The International Space Station is in constant motion. But at least one NASA astronaut doesn’t think this specific detail should exclude the orbiting outpost from having its own mailing address. After realising that Navy ships and other frontier stations like McMurdo Base and the Amundse-Scott South Base in Antarctica have formal mailing addresses, spaceman Don Pettit, who is part of six-member crew aboard the ISS, decided that the spacecraft should also be able to receive snail mail.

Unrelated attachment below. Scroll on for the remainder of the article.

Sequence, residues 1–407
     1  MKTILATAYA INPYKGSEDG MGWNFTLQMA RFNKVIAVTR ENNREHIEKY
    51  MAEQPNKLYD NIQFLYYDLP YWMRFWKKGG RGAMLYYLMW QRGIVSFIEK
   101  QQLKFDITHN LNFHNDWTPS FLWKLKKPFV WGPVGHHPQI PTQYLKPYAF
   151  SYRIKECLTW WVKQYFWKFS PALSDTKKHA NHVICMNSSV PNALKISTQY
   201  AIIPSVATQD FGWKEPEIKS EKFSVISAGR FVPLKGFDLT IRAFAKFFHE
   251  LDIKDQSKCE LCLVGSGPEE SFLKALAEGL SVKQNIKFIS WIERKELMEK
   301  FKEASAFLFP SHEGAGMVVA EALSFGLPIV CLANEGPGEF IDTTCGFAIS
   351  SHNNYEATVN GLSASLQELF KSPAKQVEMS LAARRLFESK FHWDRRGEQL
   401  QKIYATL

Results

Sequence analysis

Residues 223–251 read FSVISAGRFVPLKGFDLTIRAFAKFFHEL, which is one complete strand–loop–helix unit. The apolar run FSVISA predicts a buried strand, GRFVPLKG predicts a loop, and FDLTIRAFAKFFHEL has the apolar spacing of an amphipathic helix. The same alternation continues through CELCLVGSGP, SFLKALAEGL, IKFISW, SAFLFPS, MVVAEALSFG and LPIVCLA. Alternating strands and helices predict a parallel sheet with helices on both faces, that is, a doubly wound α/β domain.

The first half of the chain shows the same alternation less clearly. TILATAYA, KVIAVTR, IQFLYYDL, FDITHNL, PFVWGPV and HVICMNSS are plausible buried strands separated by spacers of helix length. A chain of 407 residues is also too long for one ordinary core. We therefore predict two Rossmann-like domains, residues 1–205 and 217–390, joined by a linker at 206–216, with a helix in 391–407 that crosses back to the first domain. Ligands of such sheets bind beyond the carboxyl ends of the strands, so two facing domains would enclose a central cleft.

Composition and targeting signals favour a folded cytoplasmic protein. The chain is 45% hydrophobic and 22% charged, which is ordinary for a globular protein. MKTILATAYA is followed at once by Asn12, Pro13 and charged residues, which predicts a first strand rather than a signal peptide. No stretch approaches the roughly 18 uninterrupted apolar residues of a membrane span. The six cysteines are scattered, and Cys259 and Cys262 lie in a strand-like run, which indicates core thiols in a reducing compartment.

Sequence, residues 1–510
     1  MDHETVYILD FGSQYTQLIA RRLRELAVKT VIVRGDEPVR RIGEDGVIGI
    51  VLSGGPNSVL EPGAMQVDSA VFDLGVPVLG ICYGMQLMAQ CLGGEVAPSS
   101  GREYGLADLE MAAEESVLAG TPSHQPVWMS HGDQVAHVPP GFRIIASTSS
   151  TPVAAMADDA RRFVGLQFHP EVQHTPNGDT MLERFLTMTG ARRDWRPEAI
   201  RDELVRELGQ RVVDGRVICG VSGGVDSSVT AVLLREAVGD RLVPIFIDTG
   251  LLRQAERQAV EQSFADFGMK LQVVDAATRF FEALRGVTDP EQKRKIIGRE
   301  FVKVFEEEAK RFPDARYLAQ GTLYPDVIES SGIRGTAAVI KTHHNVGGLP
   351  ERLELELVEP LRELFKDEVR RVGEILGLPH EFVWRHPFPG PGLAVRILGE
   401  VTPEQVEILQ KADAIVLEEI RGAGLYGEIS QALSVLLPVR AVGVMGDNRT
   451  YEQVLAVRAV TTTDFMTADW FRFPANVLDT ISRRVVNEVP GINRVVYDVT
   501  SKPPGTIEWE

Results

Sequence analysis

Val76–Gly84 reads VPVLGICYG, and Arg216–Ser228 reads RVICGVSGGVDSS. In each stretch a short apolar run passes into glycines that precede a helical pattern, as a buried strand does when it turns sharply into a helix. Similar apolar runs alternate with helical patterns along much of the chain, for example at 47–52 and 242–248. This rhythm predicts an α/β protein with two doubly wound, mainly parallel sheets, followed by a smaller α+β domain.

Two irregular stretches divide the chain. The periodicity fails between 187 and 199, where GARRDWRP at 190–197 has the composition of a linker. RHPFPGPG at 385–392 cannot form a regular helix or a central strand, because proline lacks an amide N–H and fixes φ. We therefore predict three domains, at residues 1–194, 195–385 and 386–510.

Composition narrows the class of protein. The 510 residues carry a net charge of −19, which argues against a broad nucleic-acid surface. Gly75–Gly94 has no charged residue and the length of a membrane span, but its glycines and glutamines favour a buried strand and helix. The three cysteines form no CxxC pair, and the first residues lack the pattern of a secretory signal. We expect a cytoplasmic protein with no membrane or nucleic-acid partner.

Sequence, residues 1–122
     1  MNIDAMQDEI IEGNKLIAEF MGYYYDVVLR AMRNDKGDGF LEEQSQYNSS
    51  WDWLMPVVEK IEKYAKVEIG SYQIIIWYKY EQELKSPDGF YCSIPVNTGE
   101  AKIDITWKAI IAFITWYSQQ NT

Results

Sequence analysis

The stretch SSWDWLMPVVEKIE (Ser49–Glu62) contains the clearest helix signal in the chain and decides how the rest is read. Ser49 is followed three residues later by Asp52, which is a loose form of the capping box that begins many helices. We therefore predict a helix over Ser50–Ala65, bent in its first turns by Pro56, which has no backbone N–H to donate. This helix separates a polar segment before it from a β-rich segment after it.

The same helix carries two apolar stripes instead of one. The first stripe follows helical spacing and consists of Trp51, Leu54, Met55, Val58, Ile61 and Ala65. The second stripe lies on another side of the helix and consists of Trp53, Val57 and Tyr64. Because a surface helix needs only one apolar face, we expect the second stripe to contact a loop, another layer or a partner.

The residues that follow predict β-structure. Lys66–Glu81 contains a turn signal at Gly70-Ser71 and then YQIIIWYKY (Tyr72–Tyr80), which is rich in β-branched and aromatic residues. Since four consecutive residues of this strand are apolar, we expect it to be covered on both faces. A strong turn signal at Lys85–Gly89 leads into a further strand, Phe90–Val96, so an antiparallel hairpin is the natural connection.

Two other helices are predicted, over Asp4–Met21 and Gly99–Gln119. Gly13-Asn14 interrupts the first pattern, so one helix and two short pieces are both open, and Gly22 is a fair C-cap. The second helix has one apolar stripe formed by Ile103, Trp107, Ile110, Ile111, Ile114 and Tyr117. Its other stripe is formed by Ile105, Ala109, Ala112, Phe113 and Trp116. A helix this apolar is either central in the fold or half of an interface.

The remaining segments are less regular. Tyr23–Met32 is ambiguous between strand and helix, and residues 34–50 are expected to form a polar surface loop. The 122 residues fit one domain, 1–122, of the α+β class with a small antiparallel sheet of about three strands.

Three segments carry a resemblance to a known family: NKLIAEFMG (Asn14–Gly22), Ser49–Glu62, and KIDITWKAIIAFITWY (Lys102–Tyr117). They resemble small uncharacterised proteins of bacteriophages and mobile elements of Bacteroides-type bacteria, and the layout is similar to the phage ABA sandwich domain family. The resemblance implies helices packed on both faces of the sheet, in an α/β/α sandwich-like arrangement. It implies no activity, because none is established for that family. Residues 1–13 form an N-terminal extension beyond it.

So where should you direct this hypothetical letter?
Node 2, Deck 5, ISS, LEO 51.603.
Pettit explains how he arrived at this address in a recent blog post:
My sleep station, a coffin-sized box, is located in the fifth deck space of Node 2. From an Earth-based perspective, I pop out of my sleep station as if I were coming out of the floor. I am thus situated on the International Space Station (ISS) in Low Earth Orbit (LEO) with an orbital inclination of 51.6 degrees (the angle of our orbit plane to the equator) and an average altitude of 400 kilometers.
“51.603” would be the space zip code. The first three digits of the space zip code (516) refer to the orbital inclination. The last two digits (03) are a designator for your particular space station. Pettit’s station is the third at this location.
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